116 3rd St SE
Cedar Rapids, Iowa 52401
Touching on issues past and present, Coe College’s 30-plus year forum series for this academic year kicks off in September and runs through April with 23 installments covering eight topics — from “critical race theory” to evolution to “The History of Sport in the United States.”
The forum series on the Cedar Rapids campus is pitched as a chance “for older adults who want to expand their knowledge in an academic setting.” The lectures — which typically attract audiences from Cedar Rapids and surrounding communities — are taught and curated by Coe faculty.
Since its inception in 1989, more than 150 speakers have presented on a range of topics touching the worlds of music, science, politics, literature, arts and the humanities. This year, 11 Coe faculty will present.
The 2022-23 lineup begins next week:
- Sept. 8, 15, 22 and 29: Byzantium Sails West: Eastern Heralds to the Italian Renaissance — This four-week forum delves into the art of medieval Byzantine culture, which is known for abstraction — contrasting traditional humanistic art associated with the European Renaissance. Coe philosophy professor Jeffrey Hoover will trace over the four weeks artistic innovations within Byzantine art that migrated to northern Italy, inspiring a new generation of medieval artists and impelling the Italian Renaissance.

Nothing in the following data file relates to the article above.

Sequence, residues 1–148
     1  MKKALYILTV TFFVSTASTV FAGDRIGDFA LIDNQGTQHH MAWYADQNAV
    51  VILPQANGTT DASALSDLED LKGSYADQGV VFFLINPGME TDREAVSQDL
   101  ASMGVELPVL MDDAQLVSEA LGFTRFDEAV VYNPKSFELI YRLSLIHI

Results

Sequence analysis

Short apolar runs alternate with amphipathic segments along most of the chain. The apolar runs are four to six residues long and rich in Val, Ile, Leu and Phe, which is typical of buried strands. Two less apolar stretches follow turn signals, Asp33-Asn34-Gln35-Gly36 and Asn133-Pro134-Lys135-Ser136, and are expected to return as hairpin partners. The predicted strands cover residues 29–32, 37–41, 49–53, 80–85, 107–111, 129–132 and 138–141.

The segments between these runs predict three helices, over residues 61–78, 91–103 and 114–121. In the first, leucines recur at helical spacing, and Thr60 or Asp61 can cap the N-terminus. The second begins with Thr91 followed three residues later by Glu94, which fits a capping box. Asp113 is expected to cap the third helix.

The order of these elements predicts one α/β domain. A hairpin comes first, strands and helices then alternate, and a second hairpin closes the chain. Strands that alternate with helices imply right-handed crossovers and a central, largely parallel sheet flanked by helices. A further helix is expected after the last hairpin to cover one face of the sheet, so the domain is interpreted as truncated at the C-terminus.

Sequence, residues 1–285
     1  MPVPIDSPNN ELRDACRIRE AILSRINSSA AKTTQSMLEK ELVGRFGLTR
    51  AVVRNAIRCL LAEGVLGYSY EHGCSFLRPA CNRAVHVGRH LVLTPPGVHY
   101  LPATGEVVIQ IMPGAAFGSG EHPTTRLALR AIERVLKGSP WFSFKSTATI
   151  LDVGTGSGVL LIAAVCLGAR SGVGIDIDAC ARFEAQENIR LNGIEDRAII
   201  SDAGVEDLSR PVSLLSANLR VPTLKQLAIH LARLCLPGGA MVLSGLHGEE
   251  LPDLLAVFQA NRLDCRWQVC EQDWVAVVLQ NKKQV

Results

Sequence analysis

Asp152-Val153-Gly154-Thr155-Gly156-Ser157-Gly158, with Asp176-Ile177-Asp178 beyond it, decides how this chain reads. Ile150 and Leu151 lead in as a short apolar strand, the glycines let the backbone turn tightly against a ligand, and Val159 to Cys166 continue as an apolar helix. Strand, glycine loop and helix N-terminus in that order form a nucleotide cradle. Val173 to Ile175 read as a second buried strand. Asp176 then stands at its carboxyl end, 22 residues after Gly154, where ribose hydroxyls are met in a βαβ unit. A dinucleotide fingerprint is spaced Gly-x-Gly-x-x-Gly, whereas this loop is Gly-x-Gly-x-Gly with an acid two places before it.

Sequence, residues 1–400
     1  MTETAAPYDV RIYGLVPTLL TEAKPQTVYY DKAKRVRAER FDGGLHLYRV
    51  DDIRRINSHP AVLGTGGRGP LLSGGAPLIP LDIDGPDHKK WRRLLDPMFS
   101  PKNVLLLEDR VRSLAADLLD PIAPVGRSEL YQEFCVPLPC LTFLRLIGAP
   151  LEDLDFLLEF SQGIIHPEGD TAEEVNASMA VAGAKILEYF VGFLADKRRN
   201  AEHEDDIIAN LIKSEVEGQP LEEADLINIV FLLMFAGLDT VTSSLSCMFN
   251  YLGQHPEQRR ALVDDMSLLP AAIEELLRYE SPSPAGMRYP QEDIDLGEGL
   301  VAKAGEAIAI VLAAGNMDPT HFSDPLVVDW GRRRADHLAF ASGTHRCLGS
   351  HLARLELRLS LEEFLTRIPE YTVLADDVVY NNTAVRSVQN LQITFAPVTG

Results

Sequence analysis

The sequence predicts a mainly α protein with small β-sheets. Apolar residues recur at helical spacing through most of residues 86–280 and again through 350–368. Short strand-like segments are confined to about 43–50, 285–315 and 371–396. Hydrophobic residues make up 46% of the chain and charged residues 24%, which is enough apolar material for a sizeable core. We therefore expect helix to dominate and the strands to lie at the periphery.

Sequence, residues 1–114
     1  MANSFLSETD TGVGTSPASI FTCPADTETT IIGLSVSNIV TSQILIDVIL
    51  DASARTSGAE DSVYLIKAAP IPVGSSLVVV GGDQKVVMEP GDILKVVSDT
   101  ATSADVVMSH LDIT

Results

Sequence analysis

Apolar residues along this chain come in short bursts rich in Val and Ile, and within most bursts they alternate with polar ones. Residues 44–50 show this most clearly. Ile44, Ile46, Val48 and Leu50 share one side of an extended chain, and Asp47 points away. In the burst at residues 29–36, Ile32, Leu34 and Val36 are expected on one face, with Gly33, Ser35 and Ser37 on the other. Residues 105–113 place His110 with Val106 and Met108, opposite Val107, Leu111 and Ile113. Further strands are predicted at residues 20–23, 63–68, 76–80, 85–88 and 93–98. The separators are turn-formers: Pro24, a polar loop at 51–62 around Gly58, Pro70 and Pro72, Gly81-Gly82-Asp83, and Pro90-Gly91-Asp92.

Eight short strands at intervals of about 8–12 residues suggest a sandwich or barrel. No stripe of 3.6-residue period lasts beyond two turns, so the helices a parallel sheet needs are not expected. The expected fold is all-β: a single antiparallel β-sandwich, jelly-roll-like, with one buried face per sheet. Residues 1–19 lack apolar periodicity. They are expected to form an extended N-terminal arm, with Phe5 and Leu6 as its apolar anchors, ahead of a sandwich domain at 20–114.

- Oct. 6 and 13: Critical Race Theory: Facts, Misconceptions and Opportunities for Engagement — This two-week session led by communication studies assistant professor Antonio Spikes will define critical race theory and examine the public debate. Although it’s been studied for decades, critical race theory recently has captured the public interest and in some cases ire — inciting political discourse, for example, about what should be taught in schools. The lectures will address misconceptions and why this “long-established but little-known scholarly theory can be utilized to create a more inclusive and equitable society.”
- Oct. 20 and 27: More than Rebecca: The Life and Work of Daphne Du Maurier — Adjunct assistant professor of English Kate Aspengren will lead this two-week forum on the life and work of British author Daphne du Maurier, best known for her novel, “Rebecca.” Du Maurier also produced short stories, plays, a biography, non-fiction, and 17 novels — and readers are starting to better appreciate her body of work, beyond her reputation as a “romantic” writer. Work this series will examine include: “The Loving Spirit,” her first from 1931; “The Parasites,” published in 1949; “The Years Between,” a 1945 play; “September Tide,” a 1948 play; “The Birds,” from 1963; and “Don’t Look Now,” a short story collection from 1971.
- Nov. 3, 10 and 17: Evolution Before, During and After Darwin — Assistant professor of biology Daniel Hughes and professor emeritus of biology Floyd Sandford will co-lead this three-session series exploring the history of evolutionary biology. In addition to the life and work of evolution’s most famous scholar, Charles Darwin, the pair will discuss other philosophers who sought to explain the origins of life and development of species — like Lucretius in the first century BCE to Lamarck during the French Revolution.